Louis Proyect: The Unrepentant Marxist

February 15, 2018

The Assassination of Gianni Versace

Filed under: Gay,television — louisproyect @ 8:37 pm

My wife and I are huge fans of Ryan Murphy, the gay writer/director/producer who just signed a 5-year deal with Netflix for $300 million that begins after his contract with Rupert Murdoch’s FX expires in July. Murphy is probably best known for “Glee”, an ABC network show about a high school glee club that is a backdrop for various dramas involving gender, race, class and other fragmented identities in American society. My impression is that it had a lot in common with “The White Shadow”, a CBS network show that ran in the late 70s using a racially mixed high school basketball team to offer the same sorts of social commentary.

We originally got hooked on Ryan Murphy after discovering “Nip/Tuck”, a cable TV show that ran on FX from 2003-2010. We only decided to pay for cable TV after we lost our barebones network TV connection as a result of the 9/11 attack taking out the TV transmitter that fed our high-rise.

“Nip/Tuck” used a plastic surgery clinic in the same way that “Glee” used its youthful singers–as a way of commenting on American society, in this instance the foibles of rich people who were never satisfied with their appearance. As I pointed out in my review of Mehrdad Oskouei’s “Nose, Iranian Style”, this is a sad practice that has been adopted in the Islamic Republic.

I made the case for “Nip/Tuck” in a 2006 article:

With enough postmodernist tropes to keep a MLA convention going for an extra week, FX’s “Nip/Tuck” uses plastic surgery as a metaphor for various gender, racial and broader cultural issues. Although not as acclaimed as some of HBO’s marquee attractions such as “The Sopranos” or “Sex and the City,” “Nip/Tuck” is certainly as well written, acted and directed. Now in its fourth season on the FX cable network, which is not a premium outlet like HBO or Showtime, it is a true pop culture achievement. Past seasons can be viewed on DVD as well.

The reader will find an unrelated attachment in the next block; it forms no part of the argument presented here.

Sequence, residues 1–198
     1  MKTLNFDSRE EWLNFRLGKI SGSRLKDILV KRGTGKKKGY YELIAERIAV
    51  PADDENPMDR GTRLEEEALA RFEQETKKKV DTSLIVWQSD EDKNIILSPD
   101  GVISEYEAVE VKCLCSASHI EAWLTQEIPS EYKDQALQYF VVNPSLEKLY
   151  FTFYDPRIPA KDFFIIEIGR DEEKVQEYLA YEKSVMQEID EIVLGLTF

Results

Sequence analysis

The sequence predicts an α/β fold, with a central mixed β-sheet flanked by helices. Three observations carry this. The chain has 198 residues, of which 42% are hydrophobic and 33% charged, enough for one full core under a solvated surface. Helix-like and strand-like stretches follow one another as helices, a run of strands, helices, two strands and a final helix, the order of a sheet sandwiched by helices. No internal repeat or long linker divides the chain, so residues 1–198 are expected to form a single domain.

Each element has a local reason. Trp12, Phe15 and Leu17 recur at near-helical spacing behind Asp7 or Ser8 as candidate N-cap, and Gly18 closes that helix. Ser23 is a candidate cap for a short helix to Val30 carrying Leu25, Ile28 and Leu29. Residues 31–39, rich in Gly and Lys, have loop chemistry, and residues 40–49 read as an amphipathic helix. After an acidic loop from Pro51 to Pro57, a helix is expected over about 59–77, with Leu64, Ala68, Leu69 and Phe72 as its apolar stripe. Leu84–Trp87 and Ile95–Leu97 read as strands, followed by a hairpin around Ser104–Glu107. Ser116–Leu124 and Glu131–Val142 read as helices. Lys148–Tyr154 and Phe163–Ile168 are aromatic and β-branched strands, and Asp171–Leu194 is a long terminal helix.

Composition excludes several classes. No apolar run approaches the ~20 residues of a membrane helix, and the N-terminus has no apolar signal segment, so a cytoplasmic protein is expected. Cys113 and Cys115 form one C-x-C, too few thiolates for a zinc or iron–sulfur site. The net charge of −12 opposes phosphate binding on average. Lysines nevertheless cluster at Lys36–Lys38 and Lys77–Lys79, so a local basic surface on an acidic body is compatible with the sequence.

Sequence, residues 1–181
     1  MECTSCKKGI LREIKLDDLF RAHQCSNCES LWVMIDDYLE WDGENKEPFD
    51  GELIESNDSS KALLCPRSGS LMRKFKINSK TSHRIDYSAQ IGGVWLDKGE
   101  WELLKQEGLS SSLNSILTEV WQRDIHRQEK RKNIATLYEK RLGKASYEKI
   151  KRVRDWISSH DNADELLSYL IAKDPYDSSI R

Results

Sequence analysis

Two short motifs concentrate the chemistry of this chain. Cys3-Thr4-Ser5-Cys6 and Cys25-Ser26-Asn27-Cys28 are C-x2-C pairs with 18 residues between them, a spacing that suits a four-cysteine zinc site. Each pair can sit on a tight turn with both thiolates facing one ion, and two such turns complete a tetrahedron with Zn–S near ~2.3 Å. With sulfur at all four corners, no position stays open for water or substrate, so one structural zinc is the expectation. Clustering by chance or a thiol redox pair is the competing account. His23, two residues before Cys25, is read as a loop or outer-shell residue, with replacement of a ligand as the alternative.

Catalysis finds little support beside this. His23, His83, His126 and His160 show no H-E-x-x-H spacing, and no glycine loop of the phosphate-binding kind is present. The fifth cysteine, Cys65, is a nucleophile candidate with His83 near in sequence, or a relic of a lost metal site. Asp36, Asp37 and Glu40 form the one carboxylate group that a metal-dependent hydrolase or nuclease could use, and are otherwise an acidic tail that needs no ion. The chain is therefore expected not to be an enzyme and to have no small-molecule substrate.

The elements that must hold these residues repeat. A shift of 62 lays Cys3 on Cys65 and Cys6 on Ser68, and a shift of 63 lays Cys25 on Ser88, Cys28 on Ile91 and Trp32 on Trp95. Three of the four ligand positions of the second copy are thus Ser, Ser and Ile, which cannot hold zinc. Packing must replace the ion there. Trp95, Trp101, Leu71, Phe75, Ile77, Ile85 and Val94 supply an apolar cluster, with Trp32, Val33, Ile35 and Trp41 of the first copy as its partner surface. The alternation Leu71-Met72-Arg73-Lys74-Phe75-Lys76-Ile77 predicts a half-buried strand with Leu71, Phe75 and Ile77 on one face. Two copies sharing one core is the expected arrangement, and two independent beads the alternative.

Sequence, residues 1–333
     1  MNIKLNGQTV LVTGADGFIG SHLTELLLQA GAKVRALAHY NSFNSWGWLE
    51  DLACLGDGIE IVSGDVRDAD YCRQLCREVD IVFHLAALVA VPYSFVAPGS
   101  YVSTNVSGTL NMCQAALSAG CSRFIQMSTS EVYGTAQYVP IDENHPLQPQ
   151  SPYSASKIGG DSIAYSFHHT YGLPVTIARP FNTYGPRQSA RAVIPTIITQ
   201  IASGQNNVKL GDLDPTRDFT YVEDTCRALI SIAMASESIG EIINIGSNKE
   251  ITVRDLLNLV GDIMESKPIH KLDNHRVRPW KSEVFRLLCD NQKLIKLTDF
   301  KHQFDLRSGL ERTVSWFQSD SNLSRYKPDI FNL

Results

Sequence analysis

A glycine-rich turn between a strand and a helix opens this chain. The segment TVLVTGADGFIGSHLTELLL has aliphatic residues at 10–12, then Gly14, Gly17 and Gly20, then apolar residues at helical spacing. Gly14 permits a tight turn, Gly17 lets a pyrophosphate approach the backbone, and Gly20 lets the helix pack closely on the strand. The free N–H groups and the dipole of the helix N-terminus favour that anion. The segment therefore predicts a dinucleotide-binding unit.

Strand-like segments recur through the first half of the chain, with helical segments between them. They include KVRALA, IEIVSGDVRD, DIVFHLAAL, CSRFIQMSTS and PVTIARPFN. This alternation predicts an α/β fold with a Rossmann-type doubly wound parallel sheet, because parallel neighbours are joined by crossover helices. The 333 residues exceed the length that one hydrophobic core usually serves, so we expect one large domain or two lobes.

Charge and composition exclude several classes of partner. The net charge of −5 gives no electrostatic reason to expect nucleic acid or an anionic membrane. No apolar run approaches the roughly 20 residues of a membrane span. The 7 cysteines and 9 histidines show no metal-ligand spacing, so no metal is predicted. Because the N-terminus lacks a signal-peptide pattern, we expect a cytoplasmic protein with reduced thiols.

A year after “Nip/Tuck” came to an end, a new Ryan Murphy show began. Like “Nip/Tuck”, “American Horror Story” was laden with Grand Guignol visual effects but this time using a butcher’s knife instead of a scalpel. It borrows elements from the genre involving vampires, zombies, killer clowns, serial murderers, etc. and wraps them in Murphy’s unique comic sensibility, as well as exploiting them for social commentary.

If you haven’t seen “American Horror Story”, I urge you to watch “Cult”, an 11-episode series from last year that can be seen on Amazon and iTunes. The first episode depicted a clash between candidates Trump and Clinton supporters in a small, upwardly mobile town. Two of the main characters are married lesbians who have had a falling out over one deciding to back Jill Stein instead of Clinton. The main Trump supporter is a Richard Spencer wannabe named Kai whose top lieutenant was abducted by the two lesbians and tied to a chair in order to prevent him for voting for Trump. To make his escape, he cuts off an arm. He is played by Chaz Bono, the transgender son of Cher and Sonny Bono originally named Chastity.

The show is not that interested in presenting an MSNBC type commentary (thank god) but much more in examining American cults of one sort or another. Kai is trying to build a fascist cult that will start by taking over the small town the characters live in and using it to catapult him into the presidency with the help of his stormtroopers.

The series incorporates reenactments of infamous cults, including those led by Jim Jones and Charles Manson, who are played by the same actor who plays Kai. Blood flows by the bucketful as the characters become increasingly crazed. It is vastly entertaining.

Once again, a psycho criminal is the main character in “The Assassination of Gianni Versace” that is now showing on Season 2 of FX’s American Crime Story. As you may know, this is based on the July 15, 1997 murder of the trendy designer on the front steps of the mansion he owned in South Beach, Florida. The killer was Andrew Cunanan, a deranged gay man who had traveled across the USA, serially killing people one by one to facilitate the mission he was on. To this day, there has never been a satisfactory explanation why he targeted Versace, nor any of the other mostly gay men along the way.